But the basic value proposition for the brand is there. When we talk to the docs, we talk about the best in class treatment that we have because the doc sees the multiplicity of choices.

AA: Much has been made of Pfizer's extensive sales force, as well as the sales forces of other pharmaceutical companies. Some see them as a conduit, or a bridge, between the company and healthcare professionals. Do you see your sales force as an operating arm of your marketing teams?

Mr. Duncan: Absolutely. The basic business model for Pfizer is a cross-functional model. When we talk about marketing Lipitor, for example, the team leader for marketing is the quarterback, and they are all together. You might be surprised to know we have increasingly had sales VPs on our teams, prelaunch. What's different about this industry is that in marketing to professionals, you're marketing to arguably the most educated group of people in the country. You have to respect the profession.

AA: Some observers, including people within the industry, have said that pharmaceutical marketing needs to be more like package-goods. Pfizer has started making inroads along those lines with the Viagra "buy six, get the seventh prescription free" coupon. Can you talk about that?

Mr. Duncan: There are a couple of points I can speak to. Yes, we did the Value Card for Viagra. We've also done a ton for our arthritis business in what was formerly known as infomercials. Where we're going is quite holistic.

AA: Pfizer is the largest pharmaceutical company in the world so, for better or worse, it gets the lion's share of attention and the lion's share of criticism. And, since this is an election year, DTC is a hot-button issue, as are drug prices and Canadian drug imports, among others. How does your advertising try to balance things such as the misconception that your ad spending on brands exceeds research and development, which it obviously doesn't?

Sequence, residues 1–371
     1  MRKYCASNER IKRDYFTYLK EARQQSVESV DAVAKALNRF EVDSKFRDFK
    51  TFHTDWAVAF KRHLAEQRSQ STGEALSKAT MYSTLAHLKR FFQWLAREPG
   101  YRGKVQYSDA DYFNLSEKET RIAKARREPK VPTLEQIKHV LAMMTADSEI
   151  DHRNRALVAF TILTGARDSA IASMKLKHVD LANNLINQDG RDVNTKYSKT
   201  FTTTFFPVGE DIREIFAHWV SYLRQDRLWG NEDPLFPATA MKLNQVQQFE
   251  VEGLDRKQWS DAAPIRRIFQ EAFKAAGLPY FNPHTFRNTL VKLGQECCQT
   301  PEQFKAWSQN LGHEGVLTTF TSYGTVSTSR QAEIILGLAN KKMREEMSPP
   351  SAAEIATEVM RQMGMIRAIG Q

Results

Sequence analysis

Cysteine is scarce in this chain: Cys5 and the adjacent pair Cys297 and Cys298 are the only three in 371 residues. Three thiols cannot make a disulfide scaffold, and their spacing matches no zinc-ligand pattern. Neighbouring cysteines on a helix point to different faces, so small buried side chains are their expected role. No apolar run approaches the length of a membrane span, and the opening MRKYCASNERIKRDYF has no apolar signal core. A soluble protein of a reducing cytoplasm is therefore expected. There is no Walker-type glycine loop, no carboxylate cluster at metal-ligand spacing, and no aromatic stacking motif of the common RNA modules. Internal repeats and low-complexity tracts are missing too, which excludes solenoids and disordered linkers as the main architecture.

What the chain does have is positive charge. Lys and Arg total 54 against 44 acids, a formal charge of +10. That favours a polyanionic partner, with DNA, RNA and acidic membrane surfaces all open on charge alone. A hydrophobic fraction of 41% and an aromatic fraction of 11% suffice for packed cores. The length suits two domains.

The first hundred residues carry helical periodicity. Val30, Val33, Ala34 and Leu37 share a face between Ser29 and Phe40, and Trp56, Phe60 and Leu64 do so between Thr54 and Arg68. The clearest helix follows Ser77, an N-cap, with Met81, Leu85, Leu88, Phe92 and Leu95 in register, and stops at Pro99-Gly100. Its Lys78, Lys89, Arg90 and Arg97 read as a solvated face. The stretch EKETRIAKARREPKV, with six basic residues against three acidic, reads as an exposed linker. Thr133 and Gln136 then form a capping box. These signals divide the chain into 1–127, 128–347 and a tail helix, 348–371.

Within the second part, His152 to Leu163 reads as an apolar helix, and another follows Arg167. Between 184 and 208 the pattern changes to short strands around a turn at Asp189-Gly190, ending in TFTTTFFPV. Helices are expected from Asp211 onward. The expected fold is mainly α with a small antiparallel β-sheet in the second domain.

Mr. Duncan: It would be safe to say there is enormous attention on the industry in general, and we're doing our best to operate in a way that is responsible. What we do best of all is make a difference in the quality of people's lives, and we have to do a better job of telling that story.

There is a certain amount of hyperbole and incendiary comments because it was an election year. Pfizer worked with both parties, and we will continue, post-election.

AA: To that end, will we see more spots like the 90-second commercial you did that told of Pfizer's beginnings back in the 1850s in Brooklyn?

Mr. Duncan: One of the things we're committed to doing is ensuring the Pfizer brand is appropriately positioned. You're starting to see that evolution, and I guarantee you'll see us do a better job of positioning Pfizer.

AA: You've talked about everybody being on the same page. How do you do that when, unlike your competitors who seem to be consolidating, you're using multiple holding companies and agencies?

Mr. Duncan: It's worthwhile to step back and look at what we expect from our agencies. The days of saying `Let's get together and talk about the brand' are gone. That was yesterday, particularly in an industry where science is so important.

We're looking for our partners to be an extension of the brand team. I want to go into a room and expect that every one of those people is a brand marketer. They need to know the science and the brand issue. Different agencies have different ways of thinking. We need to make sure we have the best and the brightest people sitting at the table.

AA: This is not a knock on agency people or creatives, but this industry is a lot different from selling a Swiffer. Are you saying that you expect the people on the agency side to be as knowledgeable about the science of how a drug works as people inside this building?

Mr. Duncan: Yes. If you're working in this industry, whether it's at the agency or the company, you need to know the basic philosophy. Yes, no question. They need to be in on it [from the] prelaunch. We want to be testing what we're doing and be ready for prime time. The only way to do that is to get the agency working for us right away.